The first think I need to do is to open a data set to work with. When I click on Get Data, I get the same drop down of data source options that I would see from the Home ribbon of the Power BI Desktop screen.

In this case, I am going to load my standard Contoso dataset including the FactSales table with related product and date data. I will reference my local host SQL Server. Of course, you may have to reference a network SQL server. I generally do not enter the database name on the first dialog, but select the database from the second screen. Note that on the second screen, I can just click the down arrow to the left of the database name to open the database and display a list of the tables within it. This is in my mind a lot easier than spelling the name of the database correctly before selecting the tables I want to work with.

Because I am using a SQL Server database, I have the option of either importing the data or using DirectQuery which does not download a copy of the data to my local data model, but rather reads the data directly from the SQL Server instance.

Because I selected 5 tables from the database, the Query Editor list 5 queries along the left side of the screen, a preview of the data in the center and the query properties and any steps applied to the data on the right side of the screen.

I can click on any of the five queries to switch the one that I want to work on. In the above image, I elected the DimDate query. Now suppose that I want to make some changes to this data. Perhaps the first thing I want to do is to eliminate all the fiscal calendar fields from the table. One way to do this is the select the columns I want to remove. I can click on the first column and then while pressing the CTRL key click on each of the other columns I want to remove. I can also click on the first column I want to move and if the columns I want to remove are sequential, I can move to the last column I want to remove while press the SHIFT key and click on the column header of that last column.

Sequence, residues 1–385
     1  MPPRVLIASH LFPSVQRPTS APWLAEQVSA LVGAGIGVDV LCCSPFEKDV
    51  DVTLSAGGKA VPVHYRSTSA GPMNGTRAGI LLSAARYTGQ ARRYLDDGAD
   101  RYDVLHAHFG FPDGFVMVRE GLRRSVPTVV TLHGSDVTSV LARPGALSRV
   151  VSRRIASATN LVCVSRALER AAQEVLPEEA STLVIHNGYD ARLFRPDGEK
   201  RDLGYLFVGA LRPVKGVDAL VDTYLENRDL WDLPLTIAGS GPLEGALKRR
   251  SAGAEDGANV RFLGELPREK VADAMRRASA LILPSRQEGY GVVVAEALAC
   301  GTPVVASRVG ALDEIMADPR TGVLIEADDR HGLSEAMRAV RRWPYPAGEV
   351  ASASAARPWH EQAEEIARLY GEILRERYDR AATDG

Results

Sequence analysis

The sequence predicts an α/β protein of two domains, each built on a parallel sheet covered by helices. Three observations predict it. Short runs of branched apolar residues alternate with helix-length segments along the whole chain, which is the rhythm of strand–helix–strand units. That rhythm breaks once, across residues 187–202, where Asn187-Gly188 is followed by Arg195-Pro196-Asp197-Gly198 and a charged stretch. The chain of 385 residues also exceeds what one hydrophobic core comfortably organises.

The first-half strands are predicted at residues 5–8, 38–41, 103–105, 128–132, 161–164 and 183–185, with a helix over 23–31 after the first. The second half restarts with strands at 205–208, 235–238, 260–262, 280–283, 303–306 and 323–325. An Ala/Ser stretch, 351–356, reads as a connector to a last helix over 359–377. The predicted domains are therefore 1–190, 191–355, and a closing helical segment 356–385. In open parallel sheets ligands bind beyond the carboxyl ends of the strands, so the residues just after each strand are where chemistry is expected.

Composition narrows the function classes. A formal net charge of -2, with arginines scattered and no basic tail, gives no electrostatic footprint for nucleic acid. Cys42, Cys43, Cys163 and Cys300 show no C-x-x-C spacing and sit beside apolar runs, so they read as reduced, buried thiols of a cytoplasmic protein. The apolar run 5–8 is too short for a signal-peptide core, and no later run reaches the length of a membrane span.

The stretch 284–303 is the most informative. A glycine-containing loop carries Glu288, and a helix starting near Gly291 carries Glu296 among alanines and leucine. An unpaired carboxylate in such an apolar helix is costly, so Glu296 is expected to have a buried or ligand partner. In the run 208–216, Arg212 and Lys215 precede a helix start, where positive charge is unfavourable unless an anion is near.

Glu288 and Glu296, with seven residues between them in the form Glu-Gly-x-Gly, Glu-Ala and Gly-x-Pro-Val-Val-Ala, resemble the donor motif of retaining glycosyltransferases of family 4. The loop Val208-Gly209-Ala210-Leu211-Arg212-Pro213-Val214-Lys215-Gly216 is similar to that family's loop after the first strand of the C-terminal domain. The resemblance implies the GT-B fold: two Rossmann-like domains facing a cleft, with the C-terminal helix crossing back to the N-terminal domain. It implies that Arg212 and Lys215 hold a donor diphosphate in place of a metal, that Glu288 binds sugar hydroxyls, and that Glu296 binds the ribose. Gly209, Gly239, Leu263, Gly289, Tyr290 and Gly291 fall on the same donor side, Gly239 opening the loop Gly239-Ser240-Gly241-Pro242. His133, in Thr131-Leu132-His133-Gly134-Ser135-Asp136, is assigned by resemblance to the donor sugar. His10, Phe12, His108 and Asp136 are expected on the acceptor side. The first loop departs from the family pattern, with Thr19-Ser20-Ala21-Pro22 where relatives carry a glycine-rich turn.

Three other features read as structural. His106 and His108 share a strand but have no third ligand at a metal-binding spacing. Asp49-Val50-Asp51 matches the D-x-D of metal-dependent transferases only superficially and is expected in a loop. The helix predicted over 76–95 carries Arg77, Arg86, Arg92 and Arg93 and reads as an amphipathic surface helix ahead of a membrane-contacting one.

Still on the home ribbon of the Query Editor, I can click on the Remove Columns button to get rid of the columns I do not want to keep in my final model. I notice that as I do this, another step appears in the Applied Steps section in the right column.

Next I want to add a new column to the date table that I will use to sort the months chronologically rather than alphabetically. That column will simply consist of the month number (January =1, February = 2, etc.). I can do this by clicking on the Add Column tab and selecting the Add Custom Column from the General group. Note the option Add Index Column. This option allows you to add a sequential number in a new column for each row that either begins with a ‘0’ or a ‘1’. You can also add a custom index that begins with any number and has a custom increment which may be different from ‘1’. This could be an interesting way to add a surrogate key to a table when you have to merge data from two difference sources (maybe domestic and international) into a single table for reporting purposes and you still need create a ‘new’ index because the domestic index and the international index may have overlapping values.

When I choose to add a custom column, the Query Editor displays a dialog to let me define the name for column as well as the formula. All of that is well and good, but the Query Editor provides an easier solution. Instead of clicking the Add Custom column, note that the Add Column ribbon has sections for working with text, numbers and dates. In this case, all I need do is to select the column [DateKey] and then click on the lower portion of the Date button to display the menu of options. If I select Month, I get a second set of options of different calculations related to month. The first option actually creates the new column and calculates the month number while the other options return the first day of the month and the last day of the month as date or the number of days in the month as an integer. That is pretty cool too.

Now the default name for the column is just Month. However, I can easily change that by right clicking on the column header and selecting Rename from the dropdown menu and entering the column name I want.

As I said before, each of these steps have been recorded in the Applied Steps section to the right of the screen. If I make a mistake or want to try something different, all I need do is click the ‘X‘ to the left of the step name to remove that step and then try something else. Remember that I am only working with a preview of the data at this point. I have not downloaded the data yet.